Saturday, March 17, 2007

Trees and Vegetables

Tree farming can supply a good income you have enough land to sustain a harvest every year. In order to make this work you would have to focus on harvesting ten acres per year with a complete cycle coming about every 45 years. This model would mean that you need to have 450 acres. The other way is to harvest all at once and budget your money over the next 45 years. This is hard to do, but there is also the option of having a Christmas Tree Farm on a lesser amount of acreage. This will keep a constant cash flow going. You can plant desirable verities and capitalize on the locally grown angle of your product. Most people enjoy the added bonus of knowing where the things they buy come from.

Aside from trees, there are always vegetables. Local produce is highly desirable. It is a lot of work to grow and sell goods, but again the local angle will be beneficial to you. If you go to Sunday Market you will see customers who wait all week to buy fresh local produce. Also it is easy to co-op your goods if let’s say you grow wonderful tomatoes, and you have a friend who grows wonderful peppers.

Also note that tomatoes, peppers and basil only seem to grow well here on the coast within a green house. There is an August blight that will kick your butt if you think you’ll harvest anything planted outside. Tomatoes like warm nights so enclose them with some heat. The latest I have been able to keep tomatoes in my green house was until January 21 one year.

You may also be able to market your goods to local shops and restaurants, though you won’t be paid as highly as when you sell directly to the customer. Also consider a road side stand. We’ve sold blueberries that way last year and made some spending money. Also keep the food bank in mind. They appreciate any fresh produce you can share with them.

Back before we got animals we had a garden 21 raised bed. Each bed was six feet by four feet which was enclosed with cedar fence boards. We were gardening only 504 square feet, but you would be amazed what that limited space produced.

The boards lasted over ten years. The beauty of the raised bed was that you could treat each bed differently. Being raised the soil would dry sooner after the winter rains, and the ground would remain warmer. Weeds were easier to control and the soil never became compacted because we would never walk on it. It was by far the easiest, cleanest way I’ve found to garden.


Blogger Auntie L said...

That article made me wish that the market would come sooner.

During market season, I gladly brave all kinds of dogs and dog shit and snooty rich people in search of my weekly fresh basil (for the weeks pesto etc), tomatoes and those little baby yellow potatoes when they are in season. Oh yeah, and the kids love the honey sticks too.

7:50 AM  
Anonymous Love, Anon said...


Tomatoes are a little easier to grow east of town but there are still problems with blight. Last year we ended up with about 35 lbs of tomatoes...all green. The year before the blight got them all.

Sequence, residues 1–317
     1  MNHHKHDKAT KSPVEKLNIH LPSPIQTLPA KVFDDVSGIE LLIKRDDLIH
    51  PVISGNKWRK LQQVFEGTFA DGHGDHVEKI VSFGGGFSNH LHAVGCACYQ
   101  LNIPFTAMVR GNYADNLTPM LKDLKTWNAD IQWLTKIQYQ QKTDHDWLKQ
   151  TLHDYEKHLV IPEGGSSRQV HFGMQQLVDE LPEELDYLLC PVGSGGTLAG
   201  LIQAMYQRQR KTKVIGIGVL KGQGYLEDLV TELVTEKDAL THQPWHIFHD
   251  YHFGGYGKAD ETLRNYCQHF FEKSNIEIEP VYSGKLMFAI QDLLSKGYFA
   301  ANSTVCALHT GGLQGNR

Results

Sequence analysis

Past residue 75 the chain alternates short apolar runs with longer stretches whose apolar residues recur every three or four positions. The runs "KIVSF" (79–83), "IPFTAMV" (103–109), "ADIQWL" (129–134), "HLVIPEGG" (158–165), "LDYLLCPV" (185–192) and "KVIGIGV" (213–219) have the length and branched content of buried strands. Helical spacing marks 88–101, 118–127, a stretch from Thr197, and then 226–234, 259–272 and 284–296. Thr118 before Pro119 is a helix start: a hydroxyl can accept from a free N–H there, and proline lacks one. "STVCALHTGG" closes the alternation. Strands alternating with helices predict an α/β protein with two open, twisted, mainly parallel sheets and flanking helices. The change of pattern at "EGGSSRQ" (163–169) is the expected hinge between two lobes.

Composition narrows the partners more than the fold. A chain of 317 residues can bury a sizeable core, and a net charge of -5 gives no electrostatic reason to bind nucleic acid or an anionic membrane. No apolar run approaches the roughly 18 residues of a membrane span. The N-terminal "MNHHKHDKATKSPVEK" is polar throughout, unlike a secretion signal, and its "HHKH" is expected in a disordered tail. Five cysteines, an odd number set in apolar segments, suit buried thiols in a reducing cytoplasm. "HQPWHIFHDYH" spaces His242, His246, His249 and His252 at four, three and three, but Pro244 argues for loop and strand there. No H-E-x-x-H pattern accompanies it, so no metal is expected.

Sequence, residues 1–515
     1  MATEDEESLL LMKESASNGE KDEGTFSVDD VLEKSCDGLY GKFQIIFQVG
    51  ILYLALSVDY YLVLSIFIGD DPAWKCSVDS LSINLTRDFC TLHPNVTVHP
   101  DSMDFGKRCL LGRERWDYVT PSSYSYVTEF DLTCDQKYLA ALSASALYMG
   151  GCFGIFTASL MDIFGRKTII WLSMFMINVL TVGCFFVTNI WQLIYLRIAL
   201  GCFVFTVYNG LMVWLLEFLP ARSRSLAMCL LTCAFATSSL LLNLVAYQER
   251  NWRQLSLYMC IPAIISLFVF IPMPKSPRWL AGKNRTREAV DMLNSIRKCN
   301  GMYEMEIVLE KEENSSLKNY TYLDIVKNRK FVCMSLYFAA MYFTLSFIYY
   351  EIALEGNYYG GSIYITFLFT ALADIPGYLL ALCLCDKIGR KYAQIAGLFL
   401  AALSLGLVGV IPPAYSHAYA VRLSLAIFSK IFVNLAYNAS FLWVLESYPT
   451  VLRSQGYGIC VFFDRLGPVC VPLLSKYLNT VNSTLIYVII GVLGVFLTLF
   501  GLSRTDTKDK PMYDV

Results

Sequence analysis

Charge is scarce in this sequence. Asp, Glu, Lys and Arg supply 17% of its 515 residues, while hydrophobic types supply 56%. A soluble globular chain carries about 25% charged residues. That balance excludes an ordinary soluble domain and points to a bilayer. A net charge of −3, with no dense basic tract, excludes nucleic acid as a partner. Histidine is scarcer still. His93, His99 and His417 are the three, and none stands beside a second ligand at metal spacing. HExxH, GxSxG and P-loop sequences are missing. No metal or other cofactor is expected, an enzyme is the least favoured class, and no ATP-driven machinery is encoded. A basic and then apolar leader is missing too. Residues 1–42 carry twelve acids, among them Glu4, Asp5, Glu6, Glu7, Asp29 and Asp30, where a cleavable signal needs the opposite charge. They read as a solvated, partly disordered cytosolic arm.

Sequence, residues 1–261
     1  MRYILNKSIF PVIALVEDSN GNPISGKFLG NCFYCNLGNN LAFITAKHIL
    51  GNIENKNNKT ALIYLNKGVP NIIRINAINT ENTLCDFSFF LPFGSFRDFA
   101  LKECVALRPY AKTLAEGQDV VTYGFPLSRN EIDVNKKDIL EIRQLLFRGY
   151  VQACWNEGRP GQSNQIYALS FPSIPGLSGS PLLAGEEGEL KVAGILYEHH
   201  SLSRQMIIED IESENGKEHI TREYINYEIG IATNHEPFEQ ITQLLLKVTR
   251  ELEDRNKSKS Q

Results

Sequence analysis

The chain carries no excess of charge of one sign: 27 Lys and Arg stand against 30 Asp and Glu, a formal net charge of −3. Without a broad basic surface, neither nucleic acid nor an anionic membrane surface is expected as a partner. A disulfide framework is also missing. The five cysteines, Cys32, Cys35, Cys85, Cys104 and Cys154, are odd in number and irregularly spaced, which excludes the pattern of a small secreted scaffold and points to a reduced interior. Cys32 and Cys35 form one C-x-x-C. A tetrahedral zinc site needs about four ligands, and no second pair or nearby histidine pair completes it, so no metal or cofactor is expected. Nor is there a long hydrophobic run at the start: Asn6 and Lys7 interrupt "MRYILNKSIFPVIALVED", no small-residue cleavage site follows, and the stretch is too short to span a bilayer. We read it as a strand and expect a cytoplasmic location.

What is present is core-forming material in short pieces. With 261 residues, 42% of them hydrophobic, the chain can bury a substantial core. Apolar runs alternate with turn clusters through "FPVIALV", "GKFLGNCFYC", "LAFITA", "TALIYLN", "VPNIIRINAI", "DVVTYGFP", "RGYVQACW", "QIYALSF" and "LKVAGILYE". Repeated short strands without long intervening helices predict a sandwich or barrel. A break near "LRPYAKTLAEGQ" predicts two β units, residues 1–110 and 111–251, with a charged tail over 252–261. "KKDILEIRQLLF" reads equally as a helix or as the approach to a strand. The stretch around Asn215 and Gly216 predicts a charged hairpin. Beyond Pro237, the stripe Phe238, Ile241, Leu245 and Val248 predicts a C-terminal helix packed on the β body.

Have you planted your seedlings yet? Hubby went to get more today.


8:21 AM  
Blogger The Guy Who Writes This said...

We never plant before May 1. No point because it's still too cold and they won't do anything until the nights are warmer.

8:46 AM  
Anonymous Anonymous said...

One way to give tomatoes a better chance is to fill an old tire with potting soil or good composted soil preferably right up against a south facing wall to generate extra warmth. The ones that don't blight might do well enough to ripen under the bed. When it comes to tree farming, look into alder. It plants itself, does well in pure stands, puts more nitrogen in the soil than it takes out, grows like weed and brings top dollar for saw logs.

1:18 PM  
Blogger Mom of Three said...

So, I can plant on Princess' 5th birthday, even I should be able to remember that! I have already started some bulbs, we'll see how that goes.

Being the first spring in our new house, I will actually have a garden plot. It will be approximately 300 square feet. That still allows the doggies plenty of space on the other side of the fence for their duties, and the kids get the whole sunny front for their running around, plus they'll have a bed to plant whatever they choose along the front of the house. I am so excited! I hope that my little plot yields more than I expect, too. Have you seen the price of veggies lately? Holy crow!

10:45 PM  
Blogger The Guy Who Writes This said...

Anon, Just my opinion but the tomatoes that are disease resistant for this area just don't have any taste. I'm into those Beef Stake tomatoes, 1 tomatoe = 6 BLTs. Agreed, a shelter or heat retention is a must for tomatoes here. And alder...caching! I got twice the money for a load of alder than I did for a load of hemlock last year. Spruce didn't even come to $1000 a load.

Mo3 A May day child, eh. My father was born on May 1. Happy gardening.

7:04 AM  

Post a Comment

<< Home